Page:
by Damon Martin – MMAWeekly.com
It’s still a little strange for Jamie Varner to hear his name followed by the words “former WEC lightweight champion.” The Arizona fighter lost by submission to Ben Henderson in January, which cost him the title, but he says he’s back, positive about everything that’s happened, and on a mission to get the belt back.
The first step to the title is his fight this Sunday night as he faces undefeated prospect Kamal Shalorus in Edmonton, and Varner knows that while not everyone is familiar with his opponent, he’s looking at him as the best fighter he’s ever faced.
One of the highest level wrestlers to ever compete in the WEC, Shalorus also packs a heavy punch, and stylistically presents some interesting scenarios that Varner is looking forward to facing.
“This is a really crazy fight because we’re both wrestler/boxers, and I feel like where I lack, he exceeds, and where he lacks, I exceed,” Varner told MMAWeekly Radio. “I feel like I’m definitely the better boxer and technical striker, but he hits really, really hard, but yet he’s a better wrestler. He’s nationally decorated, he’s an Olympic alternate for Britain; I mean, he’s no joke.”
The biggest mistake Varner says people have about this fight is overlooking Kamal Shalorus, because he knows just how good his opponent will be when they square off at WEC 49 in Edmonton, Alberta, Canada on Sunday night.
“Kamal Shalorus is the toughest guy you’ve never heard of,” said Varner.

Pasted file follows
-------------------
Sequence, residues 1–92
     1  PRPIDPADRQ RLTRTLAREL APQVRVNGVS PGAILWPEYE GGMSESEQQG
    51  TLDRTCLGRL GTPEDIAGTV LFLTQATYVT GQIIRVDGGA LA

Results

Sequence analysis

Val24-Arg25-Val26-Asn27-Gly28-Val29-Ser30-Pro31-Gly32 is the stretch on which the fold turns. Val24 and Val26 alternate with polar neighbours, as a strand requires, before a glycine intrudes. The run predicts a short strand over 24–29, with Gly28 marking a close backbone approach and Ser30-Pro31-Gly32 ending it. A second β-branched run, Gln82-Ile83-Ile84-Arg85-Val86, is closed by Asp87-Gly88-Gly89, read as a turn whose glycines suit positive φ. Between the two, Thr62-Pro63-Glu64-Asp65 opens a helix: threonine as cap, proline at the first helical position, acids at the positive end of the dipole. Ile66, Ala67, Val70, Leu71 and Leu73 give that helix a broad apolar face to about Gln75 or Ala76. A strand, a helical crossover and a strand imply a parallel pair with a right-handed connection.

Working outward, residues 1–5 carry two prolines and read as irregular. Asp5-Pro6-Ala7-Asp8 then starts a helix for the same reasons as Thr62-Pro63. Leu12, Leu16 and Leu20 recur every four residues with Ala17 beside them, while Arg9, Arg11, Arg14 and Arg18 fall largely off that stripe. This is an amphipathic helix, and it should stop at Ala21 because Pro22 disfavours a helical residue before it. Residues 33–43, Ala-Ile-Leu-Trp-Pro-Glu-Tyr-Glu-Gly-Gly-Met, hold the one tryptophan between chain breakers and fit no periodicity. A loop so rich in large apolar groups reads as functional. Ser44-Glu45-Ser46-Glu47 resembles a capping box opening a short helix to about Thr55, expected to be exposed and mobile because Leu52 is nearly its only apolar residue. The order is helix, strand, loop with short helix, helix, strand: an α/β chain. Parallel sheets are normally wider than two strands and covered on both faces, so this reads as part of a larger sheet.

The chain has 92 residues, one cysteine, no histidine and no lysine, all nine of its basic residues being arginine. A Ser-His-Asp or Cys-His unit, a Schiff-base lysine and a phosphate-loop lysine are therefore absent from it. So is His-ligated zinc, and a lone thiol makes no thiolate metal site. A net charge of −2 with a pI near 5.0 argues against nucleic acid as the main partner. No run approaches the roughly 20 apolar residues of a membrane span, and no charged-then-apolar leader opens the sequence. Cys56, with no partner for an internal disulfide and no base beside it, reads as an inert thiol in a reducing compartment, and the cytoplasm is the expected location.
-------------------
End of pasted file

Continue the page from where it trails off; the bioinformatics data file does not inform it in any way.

To get ready for Shalorus, Varner worked with his team and trainers at Arizona Combat Sports, but part of the way through camp he lost some of the mainstays from the gym that he’s called home for several years. Carlos Condit moved back to New Mexico to be with his family and new baby, and teammates Ryan Bader, Aaron Simpson, C.B. Dollaway, and others are on a venture to open their own gym.
Varner says in the early stages of his camp the coaching of people like Aaron Simpson came in very useful, and while he misses having the guys around the gym, at the end of the day size did matter.
“I liked having that team atmosphere, but realistically those guys didn’t benefit me at all as far as direct training partners. All of those guys were 185-pounders and 205-pounders, and so I couldn’t really do too much with them without taking the risk of getting hurt,” Varner said. “They’re tough guys, they were great training partners to have, and God knows I’m gonna miss them, but they’re on to other things.”
Varner hit the gym with other top-level wrestlers closer to his weight, and worked with Trevor and Todd Lally to get him ready for the fight with Shalorus. The problem with Varner has never been dedication to training, but he says there were mistakes he’s made and they came to fruition in his title fight with Ben Henderson.
After winning the first two rounds, Varner decided to rush in and shoot for a takedown. The result was Henderson locking on a vice grip like guillotine choke, forcing the then champion to tap out. Varner looks back on the fight and says it was the harshest learning lesson he’s ever received.
“I felt like I grew a lot in that fight. One thing I learned from that is I’ve got to be more patient, listen to my corner better than I already do. Sometimes people don’t want to fight your fight, so you’ve got to be able to adapt out there, that’s what I took away from that,” Varner commented.
The other thing Varner took away from the fight is how much he wants to be champion.
“This teaches me a lesson,” Varner said about the Henderson fight. “Don’t take it for granted, and (I’ve) got to work hard to get that belt back.”
Varner could earn a shot at Ben Henderson if he can get past Kamal Shalorus, and he’ll test himself this Sunday night in Edmonton at WEC 49.